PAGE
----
A Power of Attorney is the financial compliment to the advanced medical directive. The power of attorney (“POA”) allows a person to appoint another person to act in their stead to make certain decisions. In fact, an advanced medical directive is sometimes referred to as a “healthcare power of attorney.” But, most people use the term “power of attorney” to mean dealing with financial issues.
The mechanics of a POA are very simple. A person, called the principal, creates a legal document giving someone, called the agent or, attorney-in-fact, powers to act in the principal’s place. The powers conferred can be extremely diverse, from only dealing with one issue to spanning all the normal financial powers the principal could have. The agent is in a fiduciary relationship with the principal. The law requires the agent to act in the best interests of the principal. The agent must also be completely honest with and loyal to the principal in their dealings with each other.
There are two basic forms of POAs that govern financial decisions. The first is typically called a regular power of attorney. In a regular power of attorney, the powers vested in the agent by the principal are revoked if the principal becomes incapacitated, incompetent or dies. This makes a regular power of attorney restricted if the principle is facing a debilitating disease.
The other form of POA is the durable power of attorney (“DPOA”). A DPOA is effective from the moment of execution of the document. A DPOA will also be in effect when the principal becomes incapacitated. It can last until the principle terminates or a termination date or event is listed in the DPOA.
A DPOA can also become effective when the principal becomes incapacitated, but the DPOA must expressly state that requirement. This is sometimes known as a “springing” power of attorney.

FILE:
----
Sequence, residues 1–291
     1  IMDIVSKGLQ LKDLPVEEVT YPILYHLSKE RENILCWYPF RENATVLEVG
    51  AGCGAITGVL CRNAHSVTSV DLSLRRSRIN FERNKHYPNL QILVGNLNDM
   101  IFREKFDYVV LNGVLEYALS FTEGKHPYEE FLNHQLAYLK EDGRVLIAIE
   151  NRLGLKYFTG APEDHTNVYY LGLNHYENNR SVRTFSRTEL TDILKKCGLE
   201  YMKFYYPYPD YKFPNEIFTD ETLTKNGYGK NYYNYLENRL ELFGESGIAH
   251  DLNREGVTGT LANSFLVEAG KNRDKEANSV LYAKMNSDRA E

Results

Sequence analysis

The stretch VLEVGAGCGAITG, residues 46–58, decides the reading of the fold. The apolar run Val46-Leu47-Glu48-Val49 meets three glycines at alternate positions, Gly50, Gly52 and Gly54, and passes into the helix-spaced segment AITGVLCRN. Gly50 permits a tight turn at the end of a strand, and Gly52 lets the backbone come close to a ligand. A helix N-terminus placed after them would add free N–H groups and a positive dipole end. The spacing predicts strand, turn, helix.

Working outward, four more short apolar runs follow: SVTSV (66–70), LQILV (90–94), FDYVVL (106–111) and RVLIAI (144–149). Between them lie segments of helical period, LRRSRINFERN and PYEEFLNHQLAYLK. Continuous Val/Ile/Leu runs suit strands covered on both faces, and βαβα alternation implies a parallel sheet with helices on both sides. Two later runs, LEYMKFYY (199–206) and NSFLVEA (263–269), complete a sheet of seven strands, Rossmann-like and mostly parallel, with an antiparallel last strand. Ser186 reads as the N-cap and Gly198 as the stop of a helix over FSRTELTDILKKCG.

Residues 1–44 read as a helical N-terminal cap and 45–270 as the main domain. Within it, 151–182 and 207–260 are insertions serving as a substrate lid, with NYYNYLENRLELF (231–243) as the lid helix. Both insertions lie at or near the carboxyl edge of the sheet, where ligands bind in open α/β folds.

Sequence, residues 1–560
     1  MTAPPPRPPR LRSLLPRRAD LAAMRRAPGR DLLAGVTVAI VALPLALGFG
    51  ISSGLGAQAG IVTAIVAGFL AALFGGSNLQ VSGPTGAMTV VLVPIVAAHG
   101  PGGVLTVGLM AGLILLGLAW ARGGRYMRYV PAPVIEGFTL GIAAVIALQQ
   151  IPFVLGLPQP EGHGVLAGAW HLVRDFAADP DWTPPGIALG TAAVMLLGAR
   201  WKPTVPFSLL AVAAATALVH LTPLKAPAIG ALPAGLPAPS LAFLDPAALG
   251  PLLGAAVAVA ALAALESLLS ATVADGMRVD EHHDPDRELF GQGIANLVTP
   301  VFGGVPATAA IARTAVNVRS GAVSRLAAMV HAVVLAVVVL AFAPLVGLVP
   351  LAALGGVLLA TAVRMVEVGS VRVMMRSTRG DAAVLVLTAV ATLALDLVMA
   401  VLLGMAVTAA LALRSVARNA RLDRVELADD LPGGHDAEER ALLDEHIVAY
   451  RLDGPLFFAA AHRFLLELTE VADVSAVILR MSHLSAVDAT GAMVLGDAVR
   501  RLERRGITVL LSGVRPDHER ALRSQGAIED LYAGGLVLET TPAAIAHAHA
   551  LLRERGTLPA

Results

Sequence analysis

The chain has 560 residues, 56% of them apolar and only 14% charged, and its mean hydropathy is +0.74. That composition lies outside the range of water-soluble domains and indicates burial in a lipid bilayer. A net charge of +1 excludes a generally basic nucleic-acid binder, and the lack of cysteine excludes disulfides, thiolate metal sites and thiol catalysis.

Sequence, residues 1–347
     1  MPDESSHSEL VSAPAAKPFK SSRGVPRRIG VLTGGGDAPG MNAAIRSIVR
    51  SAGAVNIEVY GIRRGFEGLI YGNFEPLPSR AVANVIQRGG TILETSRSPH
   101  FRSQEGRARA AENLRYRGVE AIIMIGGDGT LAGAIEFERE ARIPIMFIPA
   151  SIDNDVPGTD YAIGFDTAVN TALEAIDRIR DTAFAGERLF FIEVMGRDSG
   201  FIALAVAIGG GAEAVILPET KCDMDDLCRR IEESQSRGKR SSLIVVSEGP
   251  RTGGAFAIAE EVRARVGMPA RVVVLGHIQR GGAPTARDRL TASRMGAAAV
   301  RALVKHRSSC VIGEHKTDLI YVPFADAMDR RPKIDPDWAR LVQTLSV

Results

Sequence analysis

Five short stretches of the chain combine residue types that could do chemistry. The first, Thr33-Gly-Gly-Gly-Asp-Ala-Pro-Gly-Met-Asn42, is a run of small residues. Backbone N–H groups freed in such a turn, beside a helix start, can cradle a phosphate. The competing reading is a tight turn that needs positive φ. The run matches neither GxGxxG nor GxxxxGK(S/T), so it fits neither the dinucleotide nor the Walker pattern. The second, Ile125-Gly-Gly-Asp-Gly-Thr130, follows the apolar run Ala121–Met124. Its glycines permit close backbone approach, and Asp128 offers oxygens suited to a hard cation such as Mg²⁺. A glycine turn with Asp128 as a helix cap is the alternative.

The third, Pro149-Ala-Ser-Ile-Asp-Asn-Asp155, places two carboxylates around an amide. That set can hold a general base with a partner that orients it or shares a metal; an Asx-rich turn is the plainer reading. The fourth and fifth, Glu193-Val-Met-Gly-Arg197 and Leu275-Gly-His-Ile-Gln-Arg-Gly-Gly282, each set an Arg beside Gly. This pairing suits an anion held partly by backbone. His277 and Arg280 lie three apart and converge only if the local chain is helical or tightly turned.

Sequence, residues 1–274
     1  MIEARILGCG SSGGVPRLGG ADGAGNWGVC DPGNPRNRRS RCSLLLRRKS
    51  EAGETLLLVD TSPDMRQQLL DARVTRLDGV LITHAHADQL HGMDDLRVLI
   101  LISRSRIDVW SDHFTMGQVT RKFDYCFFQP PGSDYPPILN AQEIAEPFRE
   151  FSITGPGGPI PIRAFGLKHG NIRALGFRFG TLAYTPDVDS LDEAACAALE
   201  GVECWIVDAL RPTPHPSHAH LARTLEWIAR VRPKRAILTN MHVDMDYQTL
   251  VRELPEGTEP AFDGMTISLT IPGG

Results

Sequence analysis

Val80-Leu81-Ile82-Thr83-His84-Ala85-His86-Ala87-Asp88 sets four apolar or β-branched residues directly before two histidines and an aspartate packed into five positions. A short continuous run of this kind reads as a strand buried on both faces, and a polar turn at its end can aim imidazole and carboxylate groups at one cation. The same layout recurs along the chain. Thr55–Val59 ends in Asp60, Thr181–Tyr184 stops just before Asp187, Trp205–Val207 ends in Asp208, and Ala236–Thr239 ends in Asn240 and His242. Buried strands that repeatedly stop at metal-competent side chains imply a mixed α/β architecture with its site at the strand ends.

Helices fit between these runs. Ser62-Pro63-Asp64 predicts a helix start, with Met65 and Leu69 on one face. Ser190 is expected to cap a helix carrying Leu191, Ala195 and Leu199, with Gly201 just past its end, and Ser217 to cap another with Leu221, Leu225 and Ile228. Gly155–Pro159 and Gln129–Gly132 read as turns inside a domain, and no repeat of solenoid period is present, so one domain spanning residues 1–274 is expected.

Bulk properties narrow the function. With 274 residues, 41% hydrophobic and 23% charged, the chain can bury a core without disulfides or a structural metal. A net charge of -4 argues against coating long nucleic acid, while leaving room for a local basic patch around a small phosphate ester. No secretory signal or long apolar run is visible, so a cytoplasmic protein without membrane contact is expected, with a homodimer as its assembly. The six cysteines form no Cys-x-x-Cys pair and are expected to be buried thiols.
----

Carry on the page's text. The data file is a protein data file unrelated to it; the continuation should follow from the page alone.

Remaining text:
No matter what, a DPOA ends at the death the principal.
A principal can provide a number of powers to an agent. Each state has individual restrictions a principal can confer but an agent’s powers may include any of the following:
- Buy, manage, or sell real estate
- Disclaim interests to avoid estate taxes
- Employ professional assistance
- Enter into contracts
- Enter safety deposit boxes
- Exercise stock rights
- File tax returns
- Handle banking transactions
- Handle matters related to government benefits
- Handle transactions involving securities
- Maintain and operate business interests
- Make gifts
- Make transfers to revocable trusts
- Purchase life insurance
- Settle claims
Since an agent’s powers could be vast, a principal should be careful in selecting an agent. If necessary, the principal should include any desired restrictive clauses in the power of attorney document.
It is important to recognize the value of being able to assign these decision-making capabilities to a trusted family member or friend, especially in the case of durable powers of attorney that continue to be legally binding in cases of incapacity. These documents can save caregiving family members and friends a great deal of time, frustration and money.